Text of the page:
2. A method as in claim 1 which includes providing a monitoring system control panel as the selected member.

3. A method as in claim 1 which includes providing a plurality of ambient condition detectors, and evaluating the selected member identifier at the detectors before initiating communications with the selected member.

4. A method as in claim 3 which includes providing a monitoring system control panel as the selected member.

5. A method as in claim 1 which includes selecting modules from a class which includes at least motion detectors, position detectors, glass break detectors, smoke detectors, flame detectors, gas detectors, thermal detectors, door access control modules, and authorizing modules.

6. A method as in claim 1 which includes providing non-volatile storage at the members of the plurality and wherein storing includes storing the selected member identifier in the non-volatile storage at respective members of the plurality.

7. A method as in claim 6 which includes providing wireless communications between at least some members of the plurality and the selected member.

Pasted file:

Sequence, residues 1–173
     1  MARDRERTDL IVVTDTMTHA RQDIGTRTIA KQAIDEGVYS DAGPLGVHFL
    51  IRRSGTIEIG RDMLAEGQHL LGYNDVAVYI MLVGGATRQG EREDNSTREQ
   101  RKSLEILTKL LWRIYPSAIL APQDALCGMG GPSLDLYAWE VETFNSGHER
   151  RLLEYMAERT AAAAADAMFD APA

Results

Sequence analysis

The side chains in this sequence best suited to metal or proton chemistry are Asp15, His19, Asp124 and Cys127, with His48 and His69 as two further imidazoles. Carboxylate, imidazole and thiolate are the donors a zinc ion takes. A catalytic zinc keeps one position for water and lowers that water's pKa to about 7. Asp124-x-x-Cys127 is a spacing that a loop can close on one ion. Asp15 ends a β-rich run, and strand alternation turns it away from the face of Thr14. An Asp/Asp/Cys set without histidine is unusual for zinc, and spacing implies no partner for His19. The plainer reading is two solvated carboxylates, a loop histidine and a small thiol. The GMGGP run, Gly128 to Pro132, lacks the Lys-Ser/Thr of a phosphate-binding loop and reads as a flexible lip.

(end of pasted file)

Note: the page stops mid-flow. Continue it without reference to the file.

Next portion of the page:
8. A method as in claim 7 which includes selecting modules from a class which includes at least motion detectors, position detectors, glass break detectors, smoke detectors, flame detectors, gas detectors, thermal detectors, door access control modules, and authorizing modules.

9. A method as in claim 8 which includes providing wireless transceivers in at least some of the modules, and in the selected member.

10. An apparatus comprising: a communications system having a plurality of modules which communicate with at least a selected system module; a predetermined identifier associated with the selected module; a storage element at each of the modules; and circuitry at the selected module to send the identifier to each of the other modules for storage in the respective storage element, wherein each module requests the identifier from the selected module prior to communicating with selected module, and, including circuitry at each module to compare a received, requested identifier, to an identifier pre-stored in the element, wherein communications with the selected module are not initiated where a received identifier differs from the identifier stored in the respective module.